I don’t remember the big Duluth flood of 1972. Odd, I lived here, and I can’t claim I was too young to remember. We weren’t here for the recent rainfall in Duluth or yesterday’s flooding, but we followed it closely on the web as water tore through the city wreaking havoc and leaving devastation in its path.
We drove up to Duluth in the evening. By that time, the day had cleared, the sun was setting and the air was calm. We had only one detour off I35, south of Cloquet, and there was an eerie beauty to the standing water on the roadside. Before reaching the top of Thompson Hill, we could see a double rainbow in the sky, terminating down in the troubled city of Duluth in the distance. It seemed to be an omen. The remainder of the route was clear, including the tunnels, yet we were almost the only car on the road. Emerging from the final underground portion, we could see a flock of ships in the now calm waters of the lake. For all the day’s turbulence, it was a strange feeling to see it all in the quiet afterglow of the day. We were traversing streets that had suffered only water and mud, not collapse, so the day’s pictures felt surreal in comparison.
Reaching our home, we were pleased but not surprised to find it high and dry. Blessed with the lack of a basement, our landscaper‘s effective water management planning, and being perched on a hill kept it out of harm’s way. But we now understood the reality of the creek’s high water mark and set-back regulations for building which had seemed so absurd at the time.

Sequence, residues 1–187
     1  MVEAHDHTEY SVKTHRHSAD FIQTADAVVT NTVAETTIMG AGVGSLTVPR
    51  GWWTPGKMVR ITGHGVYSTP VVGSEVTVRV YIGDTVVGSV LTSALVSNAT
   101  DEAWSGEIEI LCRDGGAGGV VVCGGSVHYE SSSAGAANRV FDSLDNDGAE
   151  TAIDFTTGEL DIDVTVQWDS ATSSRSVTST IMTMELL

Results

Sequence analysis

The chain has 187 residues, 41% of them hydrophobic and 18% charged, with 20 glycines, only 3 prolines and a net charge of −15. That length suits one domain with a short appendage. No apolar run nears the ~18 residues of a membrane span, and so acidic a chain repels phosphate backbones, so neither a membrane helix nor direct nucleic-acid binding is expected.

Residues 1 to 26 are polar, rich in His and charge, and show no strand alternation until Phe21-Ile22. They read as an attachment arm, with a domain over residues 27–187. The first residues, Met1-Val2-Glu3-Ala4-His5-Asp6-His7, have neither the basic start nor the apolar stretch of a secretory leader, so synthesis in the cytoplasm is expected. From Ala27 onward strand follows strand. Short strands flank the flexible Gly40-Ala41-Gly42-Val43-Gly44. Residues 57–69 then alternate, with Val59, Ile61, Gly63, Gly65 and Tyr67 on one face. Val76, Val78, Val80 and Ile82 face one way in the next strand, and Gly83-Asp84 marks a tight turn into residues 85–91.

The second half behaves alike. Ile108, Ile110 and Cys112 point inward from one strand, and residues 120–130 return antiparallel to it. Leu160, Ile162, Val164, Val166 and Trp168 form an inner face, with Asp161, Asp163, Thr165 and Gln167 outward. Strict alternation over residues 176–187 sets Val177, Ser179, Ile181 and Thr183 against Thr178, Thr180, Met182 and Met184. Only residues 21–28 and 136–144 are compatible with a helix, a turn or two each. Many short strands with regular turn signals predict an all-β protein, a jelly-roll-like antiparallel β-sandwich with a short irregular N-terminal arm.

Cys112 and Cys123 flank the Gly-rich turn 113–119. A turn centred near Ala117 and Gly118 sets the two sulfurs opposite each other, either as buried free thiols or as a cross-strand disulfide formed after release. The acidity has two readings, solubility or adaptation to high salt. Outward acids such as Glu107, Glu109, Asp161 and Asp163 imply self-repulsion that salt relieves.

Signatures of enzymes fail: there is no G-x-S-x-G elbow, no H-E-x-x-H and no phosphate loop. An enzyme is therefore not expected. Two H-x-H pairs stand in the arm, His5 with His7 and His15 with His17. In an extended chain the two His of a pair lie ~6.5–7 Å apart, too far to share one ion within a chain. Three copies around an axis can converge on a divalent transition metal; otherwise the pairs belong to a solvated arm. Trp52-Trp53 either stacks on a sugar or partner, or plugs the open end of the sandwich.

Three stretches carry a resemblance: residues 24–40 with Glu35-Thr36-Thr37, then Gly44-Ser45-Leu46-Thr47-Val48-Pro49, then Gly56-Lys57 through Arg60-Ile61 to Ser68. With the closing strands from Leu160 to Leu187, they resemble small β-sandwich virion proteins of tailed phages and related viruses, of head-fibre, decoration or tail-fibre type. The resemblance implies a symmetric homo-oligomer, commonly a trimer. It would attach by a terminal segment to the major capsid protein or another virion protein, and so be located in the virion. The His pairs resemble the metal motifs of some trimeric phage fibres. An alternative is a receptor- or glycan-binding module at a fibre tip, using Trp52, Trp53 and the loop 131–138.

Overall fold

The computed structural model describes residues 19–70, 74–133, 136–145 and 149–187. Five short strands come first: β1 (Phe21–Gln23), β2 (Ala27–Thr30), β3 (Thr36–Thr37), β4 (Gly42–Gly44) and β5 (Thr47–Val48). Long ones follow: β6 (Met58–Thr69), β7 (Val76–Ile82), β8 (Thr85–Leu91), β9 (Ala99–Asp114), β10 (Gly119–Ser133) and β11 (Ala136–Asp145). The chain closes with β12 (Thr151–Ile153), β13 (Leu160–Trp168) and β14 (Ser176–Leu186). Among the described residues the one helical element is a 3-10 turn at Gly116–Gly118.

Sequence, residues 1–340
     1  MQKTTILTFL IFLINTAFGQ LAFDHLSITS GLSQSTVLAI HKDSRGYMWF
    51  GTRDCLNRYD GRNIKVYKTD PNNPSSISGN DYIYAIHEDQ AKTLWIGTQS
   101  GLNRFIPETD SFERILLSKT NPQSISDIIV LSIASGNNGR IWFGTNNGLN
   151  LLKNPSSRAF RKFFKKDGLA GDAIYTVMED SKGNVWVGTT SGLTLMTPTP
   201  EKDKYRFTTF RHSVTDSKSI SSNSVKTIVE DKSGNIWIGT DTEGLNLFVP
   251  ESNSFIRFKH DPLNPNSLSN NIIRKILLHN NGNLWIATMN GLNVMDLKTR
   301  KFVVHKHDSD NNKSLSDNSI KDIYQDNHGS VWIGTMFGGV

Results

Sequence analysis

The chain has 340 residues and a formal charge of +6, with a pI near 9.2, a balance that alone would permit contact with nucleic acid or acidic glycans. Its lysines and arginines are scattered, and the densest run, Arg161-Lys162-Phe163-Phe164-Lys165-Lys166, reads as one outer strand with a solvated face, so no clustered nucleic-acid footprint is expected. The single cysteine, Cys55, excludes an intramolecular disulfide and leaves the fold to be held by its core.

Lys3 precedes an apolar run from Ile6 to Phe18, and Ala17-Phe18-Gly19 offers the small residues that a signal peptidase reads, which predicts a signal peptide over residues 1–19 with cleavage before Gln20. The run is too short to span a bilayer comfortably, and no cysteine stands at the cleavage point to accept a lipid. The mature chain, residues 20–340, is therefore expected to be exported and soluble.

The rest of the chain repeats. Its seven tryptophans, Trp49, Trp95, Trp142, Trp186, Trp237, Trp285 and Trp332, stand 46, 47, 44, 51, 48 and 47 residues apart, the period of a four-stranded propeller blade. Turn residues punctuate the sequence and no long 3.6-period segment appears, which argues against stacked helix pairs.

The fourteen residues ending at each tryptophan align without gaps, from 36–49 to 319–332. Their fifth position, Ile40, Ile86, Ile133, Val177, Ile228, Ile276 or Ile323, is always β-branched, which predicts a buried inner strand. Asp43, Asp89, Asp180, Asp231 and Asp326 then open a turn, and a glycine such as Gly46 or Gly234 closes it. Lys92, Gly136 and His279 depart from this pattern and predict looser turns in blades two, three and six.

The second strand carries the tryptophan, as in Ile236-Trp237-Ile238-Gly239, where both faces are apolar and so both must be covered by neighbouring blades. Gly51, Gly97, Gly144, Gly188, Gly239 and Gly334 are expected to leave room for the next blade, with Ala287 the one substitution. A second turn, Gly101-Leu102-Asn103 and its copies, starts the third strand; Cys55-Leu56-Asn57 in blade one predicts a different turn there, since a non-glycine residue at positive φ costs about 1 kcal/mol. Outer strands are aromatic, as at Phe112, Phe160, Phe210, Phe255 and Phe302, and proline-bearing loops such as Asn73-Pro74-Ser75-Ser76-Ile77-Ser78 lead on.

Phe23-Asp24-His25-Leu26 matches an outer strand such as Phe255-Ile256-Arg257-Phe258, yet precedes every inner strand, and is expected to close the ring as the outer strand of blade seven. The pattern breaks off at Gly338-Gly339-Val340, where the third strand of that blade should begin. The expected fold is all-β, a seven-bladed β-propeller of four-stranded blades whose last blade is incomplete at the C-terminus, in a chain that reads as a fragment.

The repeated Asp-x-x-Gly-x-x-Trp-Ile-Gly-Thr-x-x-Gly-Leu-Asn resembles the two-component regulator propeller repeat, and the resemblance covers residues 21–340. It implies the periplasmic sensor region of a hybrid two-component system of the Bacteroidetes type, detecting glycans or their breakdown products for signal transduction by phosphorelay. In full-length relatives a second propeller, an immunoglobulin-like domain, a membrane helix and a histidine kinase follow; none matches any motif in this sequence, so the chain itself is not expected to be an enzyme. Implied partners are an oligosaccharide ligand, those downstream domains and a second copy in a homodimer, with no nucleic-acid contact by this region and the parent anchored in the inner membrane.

We immediately headed across the street to see Amity Creek. Having seen earlier pictures of the gazebo at “The Deeps” surrounded by swirling, angry water, we were eager to see it for ourselves. The water had receded significantly, and the creek was back within its rocky borders, mostly. It was still thunderous and raging, and far higher than we’ve seen it before, but had returned to some resemblance of a creek. But all around us were remnants of its earlier rampage. There was mud everywhere, and huge trees and limbs were thrust against anything left standing, showing us the outline of where the thrashing water had overrun the area. The power of rushing water.
Here are some during and after pictures of the footbridge and gazebo from three different perspectives. The flood pictures were taken by others. The after pictures I took the next day.
This flood I will remember. Even though I wasn’t here.